|FVT/FVR-5400-3G, VidOptic Series, 4 Channel 3G HDSDI Fiber Optic Transport Card with 4×4 Matrix for openGear||SilverBack 4K & HD SDI Fiber Optic Camera Back Camera Mount System|
Watch for my next installment in about 4 weeks. Please click to download additional white papers and presentations on wireless, webcasting, streaming and fiber optics. Thank you.
All the best,
President and CEO
Fiber optics is a method of carrying information using optical fibers. An optical fiber is a thin strand of glass or plastic that serves as the transmission medium over which information is sent. It thus fills the same basic function as a copper cable carrying a telephone conversation, computer data, or video. Unlike the copper cable, however, the optical fiber carries light instead of electrons. In so doing, it offers many distinct advantages that make it the transmission medium of choice for applications ranging from telephone calls, television, and machine control.
The basic fiber-optic system is a link connecting two electronic circuits. Figure 1 shows a simple fiber-optic link.
There are three basic parts to a fiber-optic system:
• Transmitter: The transmitter unit converts an electrical signal to an optical signal. The light source is typically a light-emitting diode, LED, or a laser diode. The light source performs the actual conversion from an electrical signal to an optical signal. The driving circuit for the light source changes the electrical signal into the driving current.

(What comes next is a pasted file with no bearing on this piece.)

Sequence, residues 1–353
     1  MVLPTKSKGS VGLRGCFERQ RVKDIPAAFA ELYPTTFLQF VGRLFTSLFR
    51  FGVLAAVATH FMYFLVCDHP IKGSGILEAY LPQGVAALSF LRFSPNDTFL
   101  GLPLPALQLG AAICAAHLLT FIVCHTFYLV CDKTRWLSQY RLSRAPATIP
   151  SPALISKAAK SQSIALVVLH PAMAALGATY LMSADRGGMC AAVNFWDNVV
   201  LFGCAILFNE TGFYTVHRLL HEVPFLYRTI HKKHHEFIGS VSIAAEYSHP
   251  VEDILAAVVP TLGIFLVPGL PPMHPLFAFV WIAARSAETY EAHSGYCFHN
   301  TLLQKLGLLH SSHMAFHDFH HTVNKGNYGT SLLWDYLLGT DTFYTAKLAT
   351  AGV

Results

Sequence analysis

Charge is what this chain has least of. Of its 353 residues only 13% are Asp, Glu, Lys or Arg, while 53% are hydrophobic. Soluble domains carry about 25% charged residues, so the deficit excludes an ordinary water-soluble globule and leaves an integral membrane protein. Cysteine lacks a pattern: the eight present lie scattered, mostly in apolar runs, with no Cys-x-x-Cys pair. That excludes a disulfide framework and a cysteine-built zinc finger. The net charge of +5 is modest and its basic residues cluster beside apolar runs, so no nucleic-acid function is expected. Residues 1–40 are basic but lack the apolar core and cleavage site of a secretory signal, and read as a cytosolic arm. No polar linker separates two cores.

• Fiber-optic cable: The fiber-optic cable is the trans- mission medium for carrying the light. The cable includes the optical fibers in their protective jacket.
• Receiver: The receiver accepts the light or photons and converts them back into an electrical signal. In most cases, the resulting electrical signal is identical to the original signal fed into the transmitter. There are two basic sections of a receiver. First is the detector that converts the optical signal back into an electrical signal. The second section is the output circuit, which reshapes and rebuilds the original signal before passing it to the output.
Depending on the application, the transmitter and receiver circuitry can be very simple or quite complex. Other components that make up a fiber-optic trans- mission system, such as couplers, multiplexers, optical amplifiers, and optical switches, provide the means for building more complex links and communications networks. The transmitter, fiber, and receiver, how- ever, are the basic elements in every fiber-optic system.
Beyond the simple link, the fiber-optic medium is the fundamental building block for optical communications. Most electrical signals can be transported optically. Many optical components have been invented to permit signals to be processed optically without electrical conversion. Indeed, one goal of optical communications is to be able to operate entirely in the optical domain from system end to end.
FIGURE 1 Basic building blocks of a fiber-optic system.